# Strength weight

**Weight ****force** is the gravitational force that any body that has mass exerts on another body that also has mass. It is an attractive force whose **unit of measure is the newton** and can be calculated from the product of the mass of the bodies that attract each other and the constant of universal gravitation, divided by the square of the distance that separates them.

**What is weight strength?**

The weight force, also called gravitational force, is the **attractive force between two or more bodies with mass** . Although all bodies that have mass attract each other, the effect of the weight force is only noticeable in the vicinity of massive bodies such as planets and stars **.**

The weight force acting on us points towards the center of the Earth and is proportional to the magnitude of the local acceleration due to gravity .

**weight and mass**

It is common that the words **weight and mass** are used indiscriminately, however it is important to note that the weight of an object is the measure of the force with which it is attracted by a gravitational field, while its mass is the measure of its inertia or, still, , the amount of matter contained in it. In this way, **the weight of an object on the Moon is different from its weight on Earth** , even though its mass is the same in these two regions.

**weight strength formula**

The weight force can be calculated through the product of the mass of the body that suffers the action of the weight force and the gravity value **.**

**P** – weight force (N)

**m** – mass (kg)

**g** – acceleration due to gravity (m/s²)

In addition to the previous formula, the weight force can also be calculated using the law of universal gravitation. Watch:

**G** – constant of universal gravitation (6.67.10-11 Nm²/kg²)

**M in** – masses of bodies (kg)

**d** – distance between bodies (m)

**weight force work**

The work of the weight force is the **calculation of the amount of energy** that a body “loses” or “gains” when moving between two points of a gravitational field. It is important to emphasize that work only occurs when the displacement of the body is in the same direction as the weight force, that is, in the vertical direction, both in the positive direction, when the body acquires gravitational potential energy, and in the negative direction, when the body loses gravitational potential energy .

The work of the weight force can be calculated using the following expression:

**τ** – work (J)

**P** – weight force (N)

**Δh** – height variation (m)

From the formula represented above, it is possible to calculate the energy needed to lift a body of a certain mass to a desired height. Suppose we want to calculate how much energy is needed for a loaded elevator, whose total mass is 800 kg, to rise to a height of 30 m in a region where the acceleration due to gravity is 9.8 m/s².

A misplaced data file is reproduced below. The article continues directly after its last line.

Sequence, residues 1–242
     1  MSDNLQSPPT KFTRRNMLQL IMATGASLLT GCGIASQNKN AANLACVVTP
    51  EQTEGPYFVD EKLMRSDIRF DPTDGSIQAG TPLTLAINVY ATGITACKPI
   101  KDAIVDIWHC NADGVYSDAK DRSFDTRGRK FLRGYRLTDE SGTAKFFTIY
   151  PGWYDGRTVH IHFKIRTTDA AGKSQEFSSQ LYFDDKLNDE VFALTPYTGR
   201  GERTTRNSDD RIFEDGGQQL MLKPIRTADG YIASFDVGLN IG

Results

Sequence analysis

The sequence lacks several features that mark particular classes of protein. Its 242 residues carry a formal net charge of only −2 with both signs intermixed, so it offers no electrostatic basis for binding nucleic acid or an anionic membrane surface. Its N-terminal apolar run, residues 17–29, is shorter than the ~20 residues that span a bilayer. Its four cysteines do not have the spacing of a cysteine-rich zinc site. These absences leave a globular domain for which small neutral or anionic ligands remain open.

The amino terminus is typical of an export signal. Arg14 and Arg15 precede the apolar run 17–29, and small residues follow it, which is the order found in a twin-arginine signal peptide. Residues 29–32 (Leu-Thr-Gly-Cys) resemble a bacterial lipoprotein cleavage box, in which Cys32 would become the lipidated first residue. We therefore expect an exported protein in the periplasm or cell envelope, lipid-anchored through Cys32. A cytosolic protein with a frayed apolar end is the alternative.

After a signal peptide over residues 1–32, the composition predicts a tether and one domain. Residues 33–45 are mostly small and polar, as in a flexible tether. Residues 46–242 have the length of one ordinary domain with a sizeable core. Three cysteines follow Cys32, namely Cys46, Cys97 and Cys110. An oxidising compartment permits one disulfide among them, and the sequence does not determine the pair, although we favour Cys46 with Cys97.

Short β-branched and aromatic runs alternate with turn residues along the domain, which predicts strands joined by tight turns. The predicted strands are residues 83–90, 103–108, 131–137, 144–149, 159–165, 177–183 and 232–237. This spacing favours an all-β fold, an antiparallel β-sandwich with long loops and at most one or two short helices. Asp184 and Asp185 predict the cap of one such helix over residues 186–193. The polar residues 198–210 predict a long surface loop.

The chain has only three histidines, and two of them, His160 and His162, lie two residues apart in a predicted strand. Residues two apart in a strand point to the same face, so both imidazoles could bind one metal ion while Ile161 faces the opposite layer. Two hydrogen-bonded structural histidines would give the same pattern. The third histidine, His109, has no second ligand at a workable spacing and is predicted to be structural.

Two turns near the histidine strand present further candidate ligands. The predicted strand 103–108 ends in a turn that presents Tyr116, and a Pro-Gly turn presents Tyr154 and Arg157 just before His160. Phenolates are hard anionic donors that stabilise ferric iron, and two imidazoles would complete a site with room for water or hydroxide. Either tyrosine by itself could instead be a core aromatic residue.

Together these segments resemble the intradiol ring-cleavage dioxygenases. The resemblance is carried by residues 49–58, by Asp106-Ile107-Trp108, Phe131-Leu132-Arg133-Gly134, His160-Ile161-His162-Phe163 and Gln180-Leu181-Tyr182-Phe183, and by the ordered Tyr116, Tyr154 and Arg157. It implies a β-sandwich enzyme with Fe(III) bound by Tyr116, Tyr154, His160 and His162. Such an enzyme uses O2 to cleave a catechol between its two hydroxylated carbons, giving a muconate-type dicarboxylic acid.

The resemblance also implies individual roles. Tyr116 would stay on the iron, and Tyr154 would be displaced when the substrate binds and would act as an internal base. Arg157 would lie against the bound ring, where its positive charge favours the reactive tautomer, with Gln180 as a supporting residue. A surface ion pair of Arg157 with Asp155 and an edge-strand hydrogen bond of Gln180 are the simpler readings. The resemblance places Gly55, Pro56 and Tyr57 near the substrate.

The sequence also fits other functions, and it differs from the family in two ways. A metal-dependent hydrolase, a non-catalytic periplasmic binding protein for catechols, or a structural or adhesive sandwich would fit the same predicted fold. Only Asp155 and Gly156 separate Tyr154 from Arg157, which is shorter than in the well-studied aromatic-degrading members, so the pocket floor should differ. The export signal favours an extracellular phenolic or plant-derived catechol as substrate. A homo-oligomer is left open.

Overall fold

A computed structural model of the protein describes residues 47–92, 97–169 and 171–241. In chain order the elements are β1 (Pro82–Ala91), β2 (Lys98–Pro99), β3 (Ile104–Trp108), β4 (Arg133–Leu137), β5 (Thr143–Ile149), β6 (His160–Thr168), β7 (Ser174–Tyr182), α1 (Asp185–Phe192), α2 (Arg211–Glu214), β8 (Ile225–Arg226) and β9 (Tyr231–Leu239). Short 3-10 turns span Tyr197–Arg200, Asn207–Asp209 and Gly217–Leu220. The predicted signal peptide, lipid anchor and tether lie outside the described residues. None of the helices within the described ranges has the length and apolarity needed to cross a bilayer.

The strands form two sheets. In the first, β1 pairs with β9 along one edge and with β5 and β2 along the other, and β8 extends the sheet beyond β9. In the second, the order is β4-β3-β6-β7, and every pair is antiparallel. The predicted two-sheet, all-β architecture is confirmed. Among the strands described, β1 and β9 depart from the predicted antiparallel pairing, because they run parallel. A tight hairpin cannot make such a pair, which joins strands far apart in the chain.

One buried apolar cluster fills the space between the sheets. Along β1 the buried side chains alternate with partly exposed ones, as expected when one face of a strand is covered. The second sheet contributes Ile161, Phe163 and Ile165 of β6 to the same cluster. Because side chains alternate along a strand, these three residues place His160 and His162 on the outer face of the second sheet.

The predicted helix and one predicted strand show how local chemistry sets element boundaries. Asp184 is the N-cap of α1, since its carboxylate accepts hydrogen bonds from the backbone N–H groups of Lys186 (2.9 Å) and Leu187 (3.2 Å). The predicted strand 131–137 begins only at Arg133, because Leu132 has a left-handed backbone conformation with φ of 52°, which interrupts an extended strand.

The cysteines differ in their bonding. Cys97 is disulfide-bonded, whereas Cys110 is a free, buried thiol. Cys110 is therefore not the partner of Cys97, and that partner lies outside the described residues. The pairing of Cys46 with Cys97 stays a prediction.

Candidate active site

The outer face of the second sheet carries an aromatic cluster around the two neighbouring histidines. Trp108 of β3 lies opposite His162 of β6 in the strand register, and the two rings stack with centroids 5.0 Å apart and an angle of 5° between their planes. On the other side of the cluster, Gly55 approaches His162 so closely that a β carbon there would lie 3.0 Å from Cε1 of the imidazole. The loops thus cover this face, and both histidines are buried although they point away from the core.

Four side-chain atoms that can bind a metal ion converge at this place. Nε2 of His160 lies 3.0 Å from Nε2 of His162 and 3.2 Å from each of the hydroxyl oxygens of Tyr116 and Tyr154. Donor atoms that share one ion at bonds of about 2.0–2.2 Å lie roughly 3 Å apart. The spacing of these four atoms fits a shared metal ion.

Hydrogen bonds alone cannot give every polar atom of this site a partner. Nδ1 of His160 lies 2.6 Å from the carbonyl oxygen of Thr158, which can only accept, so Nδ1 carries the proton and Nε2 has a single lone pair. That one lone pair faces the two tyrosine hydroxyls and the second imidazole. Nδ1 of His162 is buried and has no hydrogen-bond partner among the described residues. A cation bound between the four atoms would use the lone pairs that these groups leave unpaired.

Through the calculation, we estimate the amount of energy needed to raise a 900 kg elevator to a height of 30 m. This amount of energy is also known as **gravitational potential energy.**

**Normal strength and weight strength**

The weight force and the normal force are forces of different origins that **act on the same body** . While the weight force originates from the gravitational attraction that the Earth makes on its surroundings, the normal force arises through the compression of a certain surface.

When we are sitting on the ground, for example, the force of weight pulls us “down” towards the Earth’s center of mass. The normal force, in turn, exerts an upward force on us, in the opposite direction to the force we exert against the ground. From this, it is possible to notice that the two forces act on the same body and that, therefore, **they cannot be considered as an action-reaction pair** .

**Weight strength exercises**

**Question 1 ****—**** **On the Moon, where the gravitational acceleration has a value of 1.6 m/s², an astronaut has a weight of 96 N. On Earth, where gravity is approximately 10 m/s², that astronaut’s weight would be equal to:

a) 800 N.

b) 600 N.

c) 500 N.

d) 400 N.

**Resolution:**

To solve the exercise, we first calculate the astronaut’s mass and then calculate his weight on Earth. Note the calculation:

Based on the calculation made above, the correct alternative is the **letter B** .

**Question 2)** Knowing that Earth’s gravity is worth, on average, 10 m/s², calculate what the weight of a body on Earth should be. Assume your weight on the Moon, where gravity is 1.6 m/s², is 160 N.

a) 1600 N

b) 1200 N

c) 1000 N

d) 800 N

**Resolution:**

To find out the body’s weight, we first find out its mass. Note the calculation:

Based on the resolution, the correct alternative is the **letter C** .